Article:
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Hiking Safety

Learn what to take hiking.

What to take hiking

Hiking is a great way to experience all the sights, sounds, and smells of the outdoors. Take a few precautions so you and your family can thoroughly enjoy the adventure.

  • Planning your trip—Plan your trip with a good topographical map or guide book. Know the terrain, elevation changes, and any crossroads you will encounter. Carry a current trail map with you and know how to read it.
  • Hike with a Companion—Remember there is safety in numbers. Group hikes are a great way to protect yourself from hiking dangers and they are more fun. It's safest to hike with at least one companion. If you plan to hike into a remote area, have a minimum of four people in your group. If someone is hurt, someone else can stay with the person who’s hurt while two others go for help.
  • Let someone back at camp or at home know where you are going and when you plan on returning—Leave a copy of your itinerary with a family member or friend. Include details like the make, year, and license plate of your car and when you plan to return. Also include emergency contact information for the ranger station or other agency that might be called on by a friend or family member to check on your welfare or reach you in case of an emergency. Know in advance the location of the nearest telephone, park office, or ranger station in case an emergency does occur on the trip.
  • Footwear—Wear properly fitting shoes with good ankle support. Slick leaves on trails have been known to cause fractured ankles. Never try to break in new shoes on a long hike. Take along extra socks (not cotton) to avoid blisters.
  • Walking sticks—Walking sticks provide added support and leverage, as well as an advance feel of terrain ahead. Everyone has their own preference for walking sticks. Some people hike with one; some people hike with two. Figure out what feels right for you.
  • Compass—Take along a good compass and know which direction you should be heading.
  • Clothing —Always wear appropriate clothing for trail and weather conditions. In changing weather conditions, dress in lightweight layers.
  • Wildlife —Be aware of possible encounters with wild animals and treat any encounters with extreme caution.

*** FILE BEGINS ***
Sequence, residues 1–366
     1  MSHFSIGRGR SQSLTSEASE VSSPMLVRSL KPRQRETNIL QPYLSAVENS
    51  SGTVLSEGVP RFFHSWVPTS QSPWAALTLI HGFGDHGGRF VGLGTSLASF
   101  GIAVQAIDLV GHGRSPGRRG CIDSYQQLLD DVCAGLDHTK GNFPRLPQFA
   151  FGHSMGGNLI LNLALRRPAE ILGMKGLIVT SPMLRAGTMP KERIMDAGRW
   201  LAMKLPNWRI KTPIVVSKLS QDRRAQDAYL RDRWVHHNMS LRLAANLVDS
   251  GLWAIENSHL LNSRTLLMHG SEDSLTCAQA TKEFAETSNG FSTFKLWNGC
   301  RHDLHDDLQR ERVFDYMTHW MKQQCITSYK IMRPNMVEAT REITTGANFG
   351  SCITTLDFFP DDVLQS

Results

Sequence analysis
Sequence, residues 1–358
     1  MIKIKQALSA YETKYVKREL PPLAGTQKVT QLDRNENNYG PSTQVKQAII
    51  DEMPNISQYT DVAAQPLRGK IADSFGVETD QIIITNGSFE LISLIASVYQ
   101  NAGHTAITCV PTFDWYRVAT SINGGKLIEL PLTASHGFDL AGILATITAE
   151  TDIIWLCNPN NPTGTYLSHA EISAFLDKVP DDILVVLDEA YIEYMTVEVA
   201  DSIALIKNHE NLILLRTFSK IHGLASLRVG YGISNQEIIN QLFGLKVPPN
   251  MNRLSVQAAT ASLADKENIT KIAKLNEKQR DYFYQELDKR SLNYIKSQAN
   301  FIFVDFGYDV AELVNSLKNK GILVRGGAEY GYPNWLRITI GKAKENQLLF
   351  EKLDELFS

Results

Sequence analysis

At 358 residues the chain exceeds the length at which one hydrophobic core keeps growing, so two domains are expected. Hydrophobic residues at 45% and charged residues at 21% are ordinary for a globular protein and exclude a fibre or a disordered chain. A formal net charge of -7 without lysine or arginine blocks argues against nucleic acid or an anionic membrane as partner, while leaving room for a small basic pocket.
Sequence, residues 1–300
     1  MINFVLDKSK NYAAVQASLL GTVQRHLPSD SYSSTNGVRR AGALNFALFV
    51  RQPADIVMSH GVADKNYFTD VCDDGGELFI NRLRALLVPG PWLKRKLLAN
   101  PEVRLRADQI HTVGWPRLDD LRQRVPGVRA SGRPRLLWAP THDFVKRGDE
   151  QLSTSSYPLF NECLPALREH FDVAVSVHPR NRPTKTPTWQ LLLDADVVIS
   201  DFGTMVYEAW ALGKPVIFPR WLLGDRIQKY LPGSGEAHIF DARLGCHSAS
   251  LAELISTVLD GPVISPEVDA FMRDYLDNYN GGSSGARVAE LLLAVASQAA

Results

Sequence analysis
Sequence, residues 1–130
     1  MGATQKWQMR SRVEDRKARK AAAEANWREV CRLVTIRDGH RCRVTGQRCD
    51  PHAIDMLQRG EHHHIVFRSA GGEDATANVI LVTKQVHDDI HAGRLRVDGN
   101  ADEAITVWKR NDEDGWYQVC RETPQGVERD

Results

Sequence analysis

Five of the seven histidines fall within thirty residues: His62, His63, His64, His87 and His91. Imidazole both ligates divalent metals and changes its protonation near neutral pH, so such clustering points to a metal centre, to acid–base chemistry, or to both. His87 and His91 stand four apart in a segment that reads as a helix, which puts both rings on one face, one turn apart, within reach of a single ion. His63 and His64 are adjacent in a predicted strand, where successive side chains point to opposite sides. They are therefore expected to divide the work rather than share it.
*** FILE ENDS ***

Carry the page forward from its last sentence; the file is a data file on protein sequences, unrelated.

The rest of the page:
• Emergency signaling devices—Pack emergency signaling devices and find out the location of the nearest ranger station or park office in case of an emergency. Be prepared to send distress signals (with a flashlight or using the sun’s rays with a shiny object such as a small mirror).
  • Drinking water—Take plenty of drinking water—a minimum of two quarts per person per day. Leave stream, river, and lake water for the park wildlife. Although it looks clean and refreshing, mountain stream water can make you ill. Water is heavy to carry, but thirst on the trail is a hazard. Take a tip from athletes: before your hike, drink some water so you’re well hydrated and energized. Never drink your total supply between refills. All water from the backcountry should be treated either by filtering or boiling. Expect backcountry water sources to be unavailable and have a contingency plan in that event.
  • Stay on trails—Cutting across switchbacks erodes the hillside and eventually destroys the trail. Plus, walking off-trail increases your chance of suffering an injury or getting lost.
  • Watch your footing—Think about your footing while traveling near cliffs. Trees and bushes can’t always be trusted to hold you. Stay on developed trails or dry, solid rock areas with good footing. Unless you are absolutely certain of its thickness, it’s best not to walk across ice.
  • Hiking with dogs—If pets are allowed where you will be hiking, be sure to keep pets on leashes in restricted areas. Bring water for your pets and make sure they have nametags. Watch for injuries to your dog’s footpads in rocky areas, on ice, or in extremely hot terrain.